Tata's performance on key metrics has deteriorated as its standalone business continues to underperform.
IHS Markit perspective
- Significance: Tata Motors posted an increase of 41.6% in its consolidated profits for the latest quarter ended 30 June 2017 on the back of one-time income from JLR.
- Implications: Slowing sales growth and rising cost pressures in the luxury division mean Tata Motors' consolidated operations are now more vulnerable amid underperforming standalone business.
- Outlook: Going forward, JLR is likely to benefit from strong product pipeline, including the new Range Rover Velar and Jaguar E-Pace. For Tata Motors, the eyes will be on the Nexon compact crossover.
Tata Motors posted a rise of 41.6% year on year (y/y) in its consolidated profits for the first quarter of fiscal year (FY) 2017/18. In a statement, the automaker said that its consolidated net income totalled INR32 billion (USD482.2 million) in the quarter, reflecting a strong contribution by its Jaguar Land Rover (JLR) luxury division. However, consolidated revenues were down 9.9% y/y to INR586.5 billion. Operating profit (EBITDA) followed the lead of revenues and declined 41.6% y/y to INR57.8 billion. As a result, EBITDA margin fell 9.9% during the latest quarter, down from 15.2% in the same quarter last year. "Our focus on topline, market share growth, major cost reduction initiatives and efficiency improvements have been significantly enhanced and accelerated in the last few months," said Gunter Butschek, managing director of Tata Motors.
Like earlier quarters, the automaker's standalone business remained under pressure during the quarter and posted a loss of INR4.7 billion, compared with a small profit of INR260 million in the same period last year. The business's revenues declined 11.4% y/y to INR92.1 billion during the quarter, as sales volumes slipped 11.8% y/y to 111,860 units. More importantly, it was high-denomination medium and heavy commercial vehicles (MHCVs) which registered sharpest decline of 34.8% y/y in domestic sales to 23,142 units while light commercial vehicle (LCV) deliveries increased marginally to 43,255 units. Although passenger vehicles softened the blow with an increase of 4.7% y/y to 35,931 units in the domestic market, a 31% y/y decline in combined export volumes to 9,532 units more than offset the gains.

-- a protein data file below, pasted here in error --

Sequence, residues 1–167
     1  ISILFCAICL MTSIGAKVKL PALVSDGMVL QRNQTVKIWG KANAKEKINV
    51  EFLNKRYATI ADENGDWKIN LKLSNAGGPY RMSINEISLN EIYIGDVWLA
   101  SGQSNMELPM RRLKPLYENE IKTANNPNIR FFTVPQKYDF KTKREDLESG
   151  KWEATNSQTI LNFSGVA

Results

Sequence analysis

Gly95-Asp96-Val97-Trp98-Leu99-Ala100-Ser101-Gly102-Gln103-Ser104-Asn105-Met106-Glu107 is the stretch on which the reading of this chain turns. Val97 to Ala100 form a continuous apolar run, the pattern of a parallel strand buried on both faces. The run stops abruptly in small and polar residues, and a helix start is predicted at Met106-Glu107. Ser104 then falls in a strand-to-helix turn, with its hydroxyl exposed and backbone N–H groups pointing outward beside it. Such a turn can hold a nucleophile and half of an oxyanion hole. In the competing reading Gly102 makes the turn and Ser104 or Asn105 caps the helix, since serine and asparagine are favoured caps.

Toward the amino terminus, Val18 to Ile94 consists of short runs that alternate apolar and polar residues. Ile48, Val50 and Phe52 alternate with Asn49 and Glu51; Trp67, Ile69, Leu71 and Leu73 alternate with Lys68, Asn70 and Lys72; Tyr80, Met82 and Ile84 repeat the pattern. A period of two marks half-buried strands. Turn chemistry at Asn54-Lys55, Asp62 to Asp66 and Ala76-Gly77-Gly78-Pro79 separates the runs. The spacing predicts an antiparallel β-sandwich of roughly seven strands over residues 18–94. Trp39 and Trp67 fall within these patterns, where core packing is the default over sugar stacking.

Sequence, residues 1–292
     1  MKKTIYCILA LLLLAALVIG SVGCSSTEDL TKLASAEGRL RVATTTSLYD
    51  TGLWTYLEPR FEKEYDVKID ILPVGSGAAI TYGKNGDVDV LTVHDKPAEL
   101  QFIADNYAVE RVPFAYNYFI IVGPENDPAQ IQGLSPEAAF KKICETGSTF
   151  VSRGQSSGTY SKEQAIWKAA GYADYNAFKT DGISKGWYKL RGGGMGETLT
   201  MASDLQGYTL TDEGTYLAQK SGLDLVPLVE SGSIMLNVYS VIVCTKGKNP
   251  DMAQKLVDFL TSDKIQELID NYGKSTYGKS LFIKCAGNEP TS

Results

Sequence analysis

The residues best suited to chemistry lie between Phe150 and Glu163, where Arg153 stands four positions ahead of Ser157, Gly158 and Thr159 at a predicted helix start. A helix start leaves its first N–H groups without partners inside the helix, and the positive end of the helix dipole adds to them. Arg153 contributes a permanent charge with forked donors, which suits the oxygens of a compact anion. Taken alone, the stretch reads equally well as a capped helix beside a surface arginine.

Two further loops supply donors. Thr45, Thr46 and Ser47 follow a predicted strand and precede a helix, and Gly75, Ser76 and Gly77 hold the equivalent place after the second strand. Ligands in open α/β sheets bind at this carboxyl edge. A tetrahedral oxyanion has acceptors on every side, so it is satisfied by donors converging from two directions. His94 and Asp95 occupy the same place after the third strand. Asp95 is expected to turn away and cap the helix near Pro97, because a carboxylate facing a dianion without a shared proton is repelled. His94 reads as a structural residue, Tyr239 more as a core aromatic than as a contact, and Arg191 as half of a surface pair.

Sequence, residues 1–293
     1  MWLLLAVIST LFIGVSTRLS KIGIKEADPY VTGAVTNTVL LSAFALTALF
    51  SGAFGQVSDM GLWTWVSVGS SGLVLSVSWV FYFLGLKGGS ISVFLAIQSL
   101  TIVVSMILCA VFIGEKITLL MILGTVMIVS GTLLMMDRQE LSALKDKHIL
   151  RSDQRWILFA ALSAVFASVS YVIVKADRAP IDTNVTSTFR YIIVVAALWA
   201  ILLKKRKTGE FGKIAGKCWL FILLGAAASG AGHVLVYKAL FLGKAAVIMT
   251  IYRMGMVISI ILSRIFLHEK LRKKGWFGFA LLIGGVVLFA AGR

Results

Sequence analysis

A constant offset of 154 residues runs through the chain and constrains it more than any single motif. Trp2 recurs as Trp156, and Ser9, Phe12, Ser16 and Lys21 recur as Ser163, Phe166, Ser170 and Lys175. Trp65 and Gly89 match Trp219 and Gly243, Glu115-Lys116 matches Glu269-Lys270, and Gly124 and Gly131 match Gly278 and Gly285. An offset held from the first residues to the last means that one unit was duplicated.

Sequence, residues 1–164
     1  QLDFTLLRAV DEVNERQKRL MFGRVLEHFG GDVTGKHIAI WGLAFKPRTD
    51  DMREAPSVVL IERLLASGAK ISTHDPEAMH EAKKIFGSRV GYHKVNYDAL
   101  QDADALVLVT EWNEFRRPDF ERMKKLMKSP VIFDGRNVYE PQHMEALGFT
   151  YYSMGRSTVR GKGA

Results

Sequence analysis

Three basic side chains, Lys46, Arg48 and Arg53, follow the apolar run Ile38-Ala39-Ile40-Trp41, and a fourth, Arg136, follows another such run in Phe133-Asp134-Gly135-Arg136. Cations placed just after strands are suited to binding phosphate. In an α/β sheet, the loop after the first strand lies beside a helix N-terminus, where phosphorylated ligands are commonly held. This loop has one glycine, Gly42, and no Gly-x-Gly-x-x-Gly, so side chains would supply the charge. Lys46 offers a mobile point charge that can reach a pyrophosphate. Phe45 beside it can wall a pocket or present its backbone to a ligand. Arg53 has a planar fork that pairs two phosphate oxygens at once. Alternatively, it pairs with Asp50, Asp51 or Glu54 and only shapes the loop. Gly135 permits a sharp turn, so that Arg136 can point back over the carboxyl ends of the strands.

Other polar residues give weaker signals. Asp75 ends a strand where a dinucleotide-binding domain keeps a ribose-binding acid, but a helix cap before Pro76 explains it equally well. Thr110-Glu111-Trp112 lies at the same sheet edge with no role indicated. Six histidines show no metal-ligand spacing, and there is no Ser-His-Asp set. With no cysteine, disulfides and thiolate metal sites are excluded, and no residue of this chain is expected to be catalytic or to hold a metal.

Meanwhile, the automaker's luxury division, Jaguar Land Rover (JLR), reported net earnings of GBP472 million (USD699.7 million) during the quarter, an increase of 55.3% y/y. The division's revenues during the quarter grew at a modest rate of 4.6% y/y to GBP5.6 billion. JLR's retail sales, including its Chinese joint venture (JV), came in at 137,463 units during the quarter, up 3.5% y/y, thanks to strong demand across the product portfolio, primarily reflecting higher volumes in China and North America. JLR's volumes were driven by strong sales of the F-PACE, Range Rover, and Discovery Sport.
Outlook and implications
As mentioned above, earnings during the latest quarter were propelled by the one-time gain of INR36.1 billion relating to the changes made to JLR pension plans. Nevertheless, the luxury division – which has shielded Tata Motors' standalone business in the past – has also come under pressure now. Higher material costs and variable marketing expenses, particularly in the US market caused the luxury division's EBITDA margin to fall 460 basis points to 7.9% in the latest quarter. During the latest quarter, wholesale deliveries contracted 2.4% (excluding Chinese JV) to 117,916 units.
Domestically, the standalone business has continued to drag on overall performance. There has been a mini revival of sorts in passenger vehicle sales but MHCVs – which are high-denomination products – shipments registered deep cuts in the latest quarter. Playing an important role in this underperformance were government regulations and the volatility stemming from these policies. The nationwide introduction of Bharat Stage IV (BS-IV) emission norms from 1 April 2017 led to pre-buying by fleet operators which has resulted in weaker demand in the subsequent months. Similarly, buyers essentially adopted a "wait and see" approach ahead of the implementation of goods and services tax (GST) with effect from 1 July 2017.
Tata Motors' rival Ashok Leyland which has a greater higher focus on MHCVs, also posted poor financial performance for the latest quarter. Nevertheless, the situation is alarming for Tata Motors which has lost market share to its competitors. Efforts are under way to turn around the standalone business and these are greater accountability is being fixed. In internal communications, managing director Gunter Butschek has termed the loss of market share in the commercial vehicle segment as a crisis-like situation and departure of key executives has further disrupted the status quo. Elsewhere, some radical changes in human resources processes have been used to shake up the well-established reporting lines with the aim of injecting new energy and promoting fresh perspectives.
Going forward, JLR is likely to benefit from strong product pipeline, including the new Range Rover Velar which sold 1,731 units in its first full month. A further boost looks set to come in the shape of Jaguar's E-Pace which was revealed last month and looks set to add considerable volume for the brand. For Tata Motors, the upcoming launch of Nexon compact crossover will be an important development. Although its recent passenger vehicle launches have done reasonably well, the key to sustained performance lies with commercial vehicles.
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